Now when we go, I tell her we're leaving at a specific time and we gather up our reading material and sit and read our selections until that time.

Have fun and enjoy your adventure filled summer.

My best suggestion is your local library. This would not only allow her to pick books that she likes, but teach her responsibility as well.

If there isn't a library near enough or hours convienent or whatever, barnes and nobel usually has a knowledgeable person or two around who can make great childrens book suggestions. . .

the important part is that your daughter reads, even if it is a little young, as long as it is reading practice and I found when mine was little that letting her choose was the most effective way to get the book read.

I LOVE the Polk Street Kids series. They are easy to read, thin chapter books. As an educator, I urge you to start her with these books by taking turns at night...you read a page and then she reads a page. She will hear the flow of the words and feel the momentum of being a smooth reader.
Knowing that there's another book in the series to look forward to makes it motivating too. Also, don't always get her to sound out the word. When she hesitates or asks for help with a word about 50% of the time, just tell her what the word is so she doesn't get too frustrated with ALWAYS being told to "sound it out"..

I would recommend going to your local public library for suggestions. Most public libraries have summer reading programs. The librarians in the children's dept. should be of great help. Have her check out some different titles and see which she prefers.

Or, check with the librarian at her school. They could be of great help too.

As a teacher I can tell you the best thing is to choose books that are right for her, not necessarily her age. When at the book store, open any book in the middle, if she can read a line or two with minimal struggle that's a book for her.

Also, get harder books, books that you will read to her. The object of this is to get her to listen how to read with fluency (speed and expression). Discuss the books, flip thought the pages and ask her what she thinks the book will be about, then discuss it, pausing every few pages to ask her what she thinks will happen next.

The best thing when introducing a new book at her reading level is to read it out loud with her, then have her read it, then read it together. Repetition and practice are important at her age.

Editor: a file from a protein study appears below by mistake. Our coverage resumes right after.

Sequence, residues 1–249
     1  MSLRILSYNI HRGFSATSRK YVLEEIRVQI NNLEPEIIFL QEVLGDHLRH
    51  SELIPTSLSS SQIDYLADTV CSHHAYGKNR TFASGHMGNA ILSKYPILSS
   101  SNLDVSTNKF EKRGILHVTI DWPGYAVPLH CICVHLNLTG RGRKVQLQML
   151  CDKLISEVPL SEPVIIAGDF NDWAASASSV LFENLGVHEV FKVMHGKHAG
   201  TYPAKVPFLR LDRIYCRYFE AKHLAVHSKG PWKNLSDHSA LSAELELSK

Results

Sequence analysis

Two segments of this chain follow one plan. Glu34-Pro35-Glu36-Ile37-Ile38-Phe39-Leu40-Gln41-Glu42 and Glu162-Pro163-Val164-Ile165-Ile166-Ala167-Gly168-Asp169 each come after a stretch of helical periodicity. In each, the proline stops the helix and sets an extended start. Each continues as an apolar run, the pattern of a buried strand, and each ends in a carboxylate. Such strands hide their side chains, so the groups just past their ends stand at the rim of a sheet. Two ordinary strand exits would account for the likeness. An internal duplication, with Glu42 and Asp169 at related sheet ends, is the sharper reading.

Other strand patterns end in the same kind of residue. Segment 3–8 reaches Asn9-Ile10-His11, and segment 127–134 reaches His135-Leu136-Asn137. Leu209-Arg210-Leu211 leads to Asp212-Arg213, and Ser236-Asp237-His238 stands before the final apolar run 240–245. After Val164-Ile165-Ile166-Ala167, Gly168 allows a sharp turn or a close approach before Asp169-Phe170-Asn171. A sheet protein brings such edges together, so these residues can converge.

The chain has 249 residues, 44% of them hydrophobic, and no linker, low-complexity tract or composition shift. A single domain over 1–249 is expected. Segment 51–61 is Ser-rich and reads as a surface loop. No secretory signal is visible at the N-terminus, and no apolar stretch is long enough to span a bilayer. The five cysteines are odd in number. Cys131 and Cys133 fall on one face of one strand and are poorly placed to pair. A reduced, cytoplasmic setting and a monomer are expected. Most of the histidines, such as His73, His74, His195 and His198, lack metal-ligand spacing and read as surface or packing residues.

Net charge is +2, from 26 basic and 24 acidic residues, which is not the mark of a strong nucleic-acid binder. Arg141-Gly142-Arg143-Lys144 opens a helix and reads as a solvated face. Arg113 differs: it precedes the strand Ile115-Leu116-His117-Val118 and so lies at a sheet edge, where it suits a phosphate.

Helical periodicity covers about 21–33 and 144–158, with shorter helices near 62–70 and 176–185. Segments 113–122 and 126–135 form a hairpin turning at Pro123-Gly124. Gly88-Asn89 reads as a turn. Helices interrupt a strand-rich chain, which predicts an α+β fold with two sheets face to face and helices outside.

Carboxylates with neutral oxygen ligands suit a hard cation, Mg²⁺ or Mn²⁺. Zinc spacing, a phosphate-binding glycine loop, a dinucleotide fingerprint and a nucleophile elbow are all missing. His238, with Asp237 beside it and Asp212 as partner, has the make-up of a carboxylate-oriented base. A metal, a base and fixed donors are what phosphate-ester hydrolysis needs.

Good luck, and enjoy her this summer. Finally, most important, make it fun, don't let her know she's learning, hehe.

Summer reading program at library our bookstore is the best way to go! We used to do the Half Price Books and the public library program every summer. They offer little prizes and name on the wall----things like that.
Much more motivational than a mom trying to get her kid to read!
I have one kid who will read anything. But my other 2 don't love reading as much and the key is to let them find what THEY like to read about. Try the library or half price books first----books are free or very inexpensive.
Learn from me----you can spend a heck of a lot of money on books at the nice bookstores that YOU buy for them, then they sit around for years without being touched, then you give them away. That wasn't a good plan.

Hi J.,

I will strongly recommend that you go to the Library. They have a lot of great books for your daughter and you to read, and this is less expencive than if you have to buy your own books!
This is what I did when my daughter was 5 years old, and we had many good hours together.

Hope this will help,

Amelia Bedelia was my favorite book series at that age. It's about a nanny/maid that takes all of her assignment way too literally. It was very funny to me at that age. Read them with her.

Foster a long term love for books and reading by getting your daughter her very own library card! There she can check out books that she wants to read. The Austin Public Library also does storytime and had tons of other fun programs during the summer.

I have a book called "Honey for a Child's Heart." It is a great resourse with lists of timeless, classic, wonderful books for all ages.

My daughter is just finishing first grade. What helped her were the Dr. Seuss books. She loved reading them and the rhyming helped he learn sight words better. She now loves the Junie B. Jones books. We find one for different things she is going through. For Example we read about first grade and getting glasses which are both things that occured this year for my daughter. Our library has a section of level readers. I let my daughter pick the ones she wants to read that is right on her reading level. Best of luck.

Several people have already mentioned Junie B Jones, but I want to emphasize how great these books are. They're funny, topical to a kid this age, and they have enough vocabulary to strengthen her command of language without even realizing it. My daughter is almost 12 and doesn't want to trade in hers for newer books!

Hi J.!

I just bought my 8 year old a book program called OneMinuteReader.com. It helps with reading accuracy in a short non over- whelming way. His school was using the sister program Read Naturally. You can buy the whole program for a level for $100.I let my son pick out a few books of interest to him in hope that his reading level will increase quickly and we can order the next level soon. The books and listening cd are $12.95 each and they are very interesting. It's fun and will really help reading fluency. Blessings.